Terre Pruitt's Blog

In the realm of health, wellness, fitness, and the like, or whatever inspires me.

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Nightshade Vegetables So Good, Yet May Be Bad

Posted by terrepruitt on November 3, 2011

When I first started looking into different types of diets (READ:  NUTRITION PLAN/WAY OF EATING), I was curious to always see Nightshade Vegetables mentioned.  One diet that I have talked about is the anti-inflammation diet, this diet does not contain nightshade vegetables. You might know what they are and what that means, but I have mentioned before that I am not a gardener.  I am not a gardener and even more so I have no idea about vegetable families and their classifications and stuff.    I keep having to look it up.  What is a nightshade vegetable?  Nia teacher, Nia classes, Nia dance, Nia cardio, Nia workout, Nia, Nia fitnessNightshade vegetables are from the Solanaceae Family.  Nightshade vegetables contain a group of chemicals found in plants called alkaloids.  There are different types of plant alkaloids, some being toxic.  Plants containing alkaloids have been used for medicinal purposes as well as stimulates and poisons.  Studies have proven that alkaloids can affect some of the functions in the body.  Some people are more susceptible than others.  These vegetables are thought to interfere with digestion, muscles, and joints.  Nightshade vegetables promote inflammation in the body.

If you are susceptible to them it might be beneficial to limit consumption of these types of veggies.  As I mentioned if you are on an anti-inflammation diet they might be forbidden all together.  Again this could only be if you are sensitive to them.  Or if you are interested in trying to reduce the amount of chronic inflammation in the body.  If you have arthritis or any other disease associated with chronic inflammation it might be something to try. Or if you experience pain caused by sensitive nerves.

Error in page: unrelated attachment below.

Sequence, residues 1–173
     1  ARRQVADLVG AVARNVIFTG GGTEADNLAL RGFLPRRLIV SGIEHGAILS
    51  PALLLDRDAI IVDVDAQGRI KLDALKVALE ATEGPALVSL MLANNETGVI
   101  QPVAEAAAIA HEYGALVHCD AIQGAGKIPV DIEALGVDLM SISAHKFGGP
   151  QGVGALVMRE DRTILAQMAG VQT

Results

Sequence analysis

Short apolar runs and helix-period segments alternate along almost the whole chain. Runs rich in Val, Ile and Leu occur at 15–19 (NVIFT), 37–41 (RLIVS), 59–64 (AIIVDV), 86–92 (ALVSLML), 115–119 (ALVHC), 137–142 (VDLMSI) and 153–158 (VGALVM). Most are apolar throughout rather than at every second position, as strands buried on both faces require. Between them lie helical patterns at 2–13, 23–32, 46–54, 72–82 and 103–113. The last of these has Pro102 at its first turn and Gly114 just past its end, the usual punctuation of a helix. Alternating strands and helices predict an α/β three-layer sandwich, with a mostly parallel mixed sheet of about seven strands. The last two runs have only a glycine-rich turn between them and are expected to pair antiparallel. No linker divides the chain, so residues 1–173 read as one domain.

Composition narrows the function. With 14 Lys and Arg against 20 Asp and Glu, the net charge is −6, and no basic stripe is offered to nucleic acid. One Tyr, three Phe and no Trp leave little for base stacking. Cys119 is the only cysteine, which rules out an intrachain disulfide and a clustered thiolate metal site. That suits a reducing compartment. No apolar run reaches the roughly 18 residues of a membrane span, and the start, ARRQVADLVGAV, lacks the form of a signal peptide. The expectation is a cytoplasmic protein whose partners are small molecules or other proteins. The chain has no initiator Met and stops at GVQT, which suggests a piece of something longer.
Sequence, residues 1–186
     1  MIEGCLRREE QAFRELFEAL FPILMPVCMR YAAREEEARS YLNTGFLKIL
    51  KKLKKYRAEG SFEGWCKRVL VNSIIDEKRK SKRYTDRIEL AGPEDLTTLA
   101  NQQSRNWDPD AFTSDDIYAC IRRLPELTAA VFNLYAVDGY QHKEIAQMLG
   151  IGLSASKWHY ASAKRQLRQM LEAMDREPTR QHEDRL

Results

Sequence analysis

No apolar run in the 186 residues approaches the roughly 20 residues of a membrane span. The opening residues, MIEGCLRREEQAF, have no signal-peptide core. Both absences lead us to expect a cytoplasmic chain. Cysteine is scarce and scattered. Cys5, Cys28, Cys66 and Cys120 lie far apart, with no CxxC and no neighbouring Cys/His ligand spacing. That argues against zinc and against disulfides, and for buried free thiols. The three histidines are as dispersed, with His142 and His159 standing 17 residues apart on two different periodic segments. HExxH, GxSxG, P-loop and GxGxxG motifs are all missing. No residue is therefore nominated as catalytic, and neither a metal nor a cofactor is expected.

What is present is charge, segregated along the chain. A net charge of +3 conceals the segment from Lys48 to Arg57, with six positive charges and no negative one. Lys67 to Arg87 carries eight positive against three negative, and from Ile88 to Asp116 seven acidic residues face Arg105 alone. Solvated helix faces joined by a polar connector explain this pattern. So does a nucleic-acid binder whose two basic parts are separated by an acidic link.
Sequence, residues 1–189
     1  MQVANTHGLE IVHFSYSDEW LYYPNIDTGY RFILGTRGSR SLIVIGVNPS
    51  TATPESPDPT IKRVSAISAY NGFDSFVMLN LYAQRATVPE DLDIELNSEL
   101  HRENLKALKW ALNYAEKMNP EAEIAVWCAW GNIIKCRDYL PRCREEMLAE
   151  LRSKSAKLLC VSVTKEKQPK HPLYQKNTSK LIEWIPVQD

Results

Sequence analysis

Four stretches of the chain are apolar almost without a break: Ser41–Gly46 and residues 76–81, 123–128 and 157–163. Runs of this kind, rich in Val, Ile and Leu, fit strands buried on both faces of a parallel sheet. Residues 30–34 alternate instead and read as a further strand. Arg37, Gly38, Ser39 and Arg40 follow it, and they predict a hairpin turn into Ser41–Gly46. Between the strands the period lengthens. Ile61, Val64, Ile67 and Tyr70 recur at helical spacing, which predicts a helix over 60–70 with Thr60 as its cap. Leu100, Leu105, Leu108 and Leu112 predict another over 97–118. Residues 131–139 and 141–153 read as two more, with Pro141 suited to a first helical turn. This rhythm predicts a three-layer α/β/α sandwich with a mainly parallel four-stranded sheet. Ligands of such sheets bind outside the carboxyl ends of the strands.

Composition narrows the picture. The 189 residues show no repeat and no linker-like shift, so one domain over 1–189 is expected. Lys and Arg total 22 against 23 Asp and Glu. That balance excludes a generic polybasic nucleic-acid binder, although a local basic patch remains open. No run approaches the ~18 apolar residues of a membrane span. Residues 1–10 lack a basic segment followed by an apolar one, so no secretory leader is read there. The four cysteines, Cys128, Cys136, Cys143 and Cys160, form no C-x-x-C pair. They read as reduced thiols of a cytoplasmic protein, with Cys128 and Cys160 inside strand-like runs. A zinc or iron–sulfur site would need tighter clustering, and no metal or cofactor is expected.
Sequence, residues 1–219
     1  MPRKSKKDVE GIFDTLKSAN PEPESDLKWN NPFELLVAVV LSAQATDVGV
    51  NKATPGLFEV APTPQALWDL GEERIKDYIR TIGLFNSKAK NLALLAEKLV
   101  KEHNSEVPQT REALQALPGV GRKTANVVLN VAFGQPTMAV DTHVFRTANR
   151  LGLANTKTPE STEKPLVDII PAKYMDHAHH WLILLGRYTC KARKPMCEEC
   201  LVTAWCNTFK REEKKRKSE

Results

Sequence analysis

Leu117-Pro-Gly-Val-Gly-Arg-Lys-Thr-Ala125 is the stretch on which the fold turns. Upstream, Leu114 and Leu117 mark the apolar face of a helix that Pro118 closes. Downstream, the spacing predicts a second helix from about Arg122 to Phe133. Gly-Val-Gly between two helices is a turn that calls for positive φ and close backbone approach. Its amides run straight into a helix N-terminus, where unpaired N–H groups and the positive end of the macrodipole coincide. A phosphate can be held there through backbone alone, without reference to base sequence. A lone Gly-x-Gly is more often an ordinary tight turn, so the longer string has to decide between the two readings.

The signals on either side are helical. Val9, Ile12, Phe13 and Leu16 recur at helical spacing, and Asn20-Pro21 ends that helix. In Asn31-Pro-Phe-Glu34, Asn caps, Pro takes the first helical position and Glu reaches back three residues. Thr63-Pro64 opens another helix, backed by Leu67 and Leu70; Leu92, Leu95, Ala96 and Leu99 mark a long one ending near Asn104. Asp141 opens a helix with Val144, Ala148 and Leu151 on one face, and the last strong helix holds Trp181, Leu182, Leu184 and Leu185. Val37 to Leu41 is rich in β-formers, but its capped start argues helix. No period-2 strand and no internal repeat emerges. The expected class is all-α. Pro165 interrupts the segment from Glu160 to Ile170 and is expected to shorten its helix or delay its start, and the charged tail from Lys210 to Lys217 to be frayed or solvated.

Nightshade vegetables are very common.  They are so common it kind of makes sense that chronic inflammation is more prevalent and being study by the medical profession.  I think the most common nightshade veggies are potatoes, tomatoes, and bell peppers.  You know I LOVE bell peppers and I was just learning to like tomatoes.  And the issue with potatoes is they are yummy in so many forms; mashed, fried, baked, roasted.  In addition to my beloved bell pepper ALL peppers are lumped in this family.  So even the hot ones that might aid in digestion could be causing inflammation issues.

In addition to inflammation there is research has proved that the alkaloid in potatoes interrupt signals from nerves to muscles and might contribute to muscle twitches.  Next time you have a twitch try to remember if you had any potatoes.  In addition to signal interruption, the chemicals contained in some nightshade vegetables might even cause pain  Also some research has shown that the alkaloids leech calcium out of bones and deposit it into soft tissue.

Eggplant is also a nightshade vegetable.  I love roasted eggplant.  Eggplant along with tomatoes contain nicotine.  Yup, tobacco is a nightshade plant and nicotine is an alkaloid.  It is fortunate that both tomatoes and eggplant contain a lot less nicotine then tobacco, it is still interesting to know.

Cooking reduces the level of alkaloids in our veggies by about 40-50%.

Please note that I am not saying that any health issue or discomfort you are experiencing is caused by nightshade vegetables/food.  What I am saying is that some research has either proved or associated the alkaloids in nightshade vegetables/foods to be connected to certain things; inflammation, digestive issues, nervous system malfunctions, pain, muscle twitching, etc. and it is interesting to know.  And it might be beneficial to do some experimenting with your diet if you think you might be sensitive to the chemicals found in some of the vegetables and/or spices considered nightshade foods.

Did you know what veggies were considered nightshade?  I am glad that I now have this list.

2 Responses to “Nightshade Vegetables So Good, Yet May Be Bad”

  1. I had no idea! I thought all veggies were good! Jason twitches sometimes. He,also, has Lupus, inflammation disease. I will watch to see if it’s those veggies he is eating when it happens.

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    • Well, all vegetables ARE good. They have good things in them! But they also have alkaloids that COULD affect certain people. I think it is a good thing to know. And like you said if an issues arises it is nice to be able to look at the diet and say, “Hmmm? Did I eat something that might have caused this particular flare-up?” The spices is what is the tricky thing especially if eating processed food because you don’t always know what “flavorings” is exactly, or “startch” . . . is that paprika and potato startch. That is another reason why so many nutritionist reccommend staying away from prepackaged processed foods, because you don’t really know what is in there.

      It is sometimes difficult to tell too, because the body is always shifting and changing. Let us know if you discover something!

      A

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